Distance MBA worth Max $10,000 (USD)

Discussion in 'General Distance Learning Discussions' started by Gjay, Mar 2, 2009.

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  1. Petedude

    Petedude New Member

    I find myself wowed by this option too. . . as in "Holy MSAs, Batman!"-wowed. This would be faster and cheaper than all of the inexpensive MBAs mentioned above! And for us CA residents, there's some brand-name utility on the degree to boot!
     
  2. vinodgopal

    vinodgopal New Member

    I am surprised that a RA degree in USA works out to such a price. There could be a catch though. Who knows maybe the MSA sylabus might not transform the student quite to the businessman "thought process" an MBA should display.

    MBA is about case studies and stuff that could make managers out of people. A master's degree in administration could just make a non-MBA just a notch smarter.
     
  3. Ian Anderson

    Ian Anderson Active Member

    I hired people (or borrowed them from another department) and someone with this degree would be treated no differently than someone with an MBA. Finding mentally sharp employees was my first priority. The main academic requirements were those that related to the project I was working on. Two areas I always needed help with were cost schedule control criteria (American Graduate University gave excellent tuition in this area) and cost-benefit analysis (the CSUB MSA has this course). So a smart person looking for a job would highlight relevant courses on his resume in response to the job posting descroption [e.g. "I earned an MSA from CSUB that included courses in cost-benefit analysis, statistics, and project management].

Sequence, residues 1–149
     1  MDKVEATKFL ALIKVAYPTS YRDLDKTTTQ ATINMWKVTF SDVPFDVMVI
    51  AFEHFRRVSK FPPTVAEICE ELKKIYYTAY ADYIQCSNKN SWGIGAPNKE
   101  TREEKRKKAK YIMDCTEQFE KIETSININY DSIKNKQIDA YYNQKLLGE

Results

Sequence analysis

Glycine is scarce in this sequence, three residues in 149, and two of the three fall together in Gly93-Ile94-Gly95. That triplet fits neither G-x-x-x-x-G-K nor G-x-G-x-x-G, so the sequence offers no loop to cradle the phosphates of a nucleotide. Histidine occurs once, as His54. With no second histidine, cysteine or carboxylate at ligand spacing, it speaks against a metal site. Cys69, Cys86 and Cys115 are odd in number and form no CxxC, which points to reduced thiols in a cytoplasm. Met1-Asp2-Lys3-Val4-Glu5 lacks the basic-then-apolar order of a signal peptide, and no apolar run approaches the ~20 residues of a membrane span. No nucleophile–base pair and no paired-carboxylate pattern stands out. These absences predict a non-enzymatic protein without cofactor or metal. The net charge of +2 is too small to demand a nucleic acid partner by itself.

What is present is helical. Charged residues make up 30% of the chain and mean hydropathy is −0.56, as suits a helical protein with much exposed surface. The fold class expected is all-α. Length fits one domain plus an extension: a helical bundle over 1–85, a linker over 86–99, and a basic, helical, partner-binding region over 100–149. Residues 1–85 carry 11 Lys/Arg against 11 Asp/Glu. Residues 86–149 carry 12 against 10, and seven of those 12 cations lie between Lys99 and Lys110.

Last edited by a moderator: Mar 3, 2009
  4. Petedude

    Petedude New Member

    There's a valid point. An MSA is more geared to validate that someone has an effective enough education to run some portion of an enterprise-- as opposed to MBAs who are supposed to be smart enough to build enterprises from scratch, run 'em to make gazillions of dollars then sell 'em. An MBA should be a bit more well-rounded.

    But I don't think necessarily an MSA takes away from the holder, either-- as others have pointed out, personality, skills and experience matter as well. The management jobs that list a master's as a requirement aren't usually specific as to what program unless they really require a specific educational background (e.g. Master's in MIS for a systems analysis manager).
     
  5. pugbelly

    pugbelly New Member

    Precisely my point regarding perception. In theory at least, the MBA eventually runs the business, the MSA runs the administrative aspects of it. I am very intrigued by this degree, but I don't think it can be considered equal to the MBA. To me anyway, the MBA would be on a level with the MA or MS in Management, MA in Leadership/Strategic Leadership/Organizational Leadership, etc. The MSA is a notch down on the executive ladder. No?

    Pug
     
  6. vinodgopal

    vinodgopal New Member

    for those who wish to complete a "Masters degree" then it is a good bet. Affordable and fetches you a myriad of clerical jobs. But in case you want to surge ahead as a top company vice president or Chief operating Officer and get paid more than $20,000 a month, then it is got to be a MBA to propel your career. However MBA in a regular school is a safer bet actually.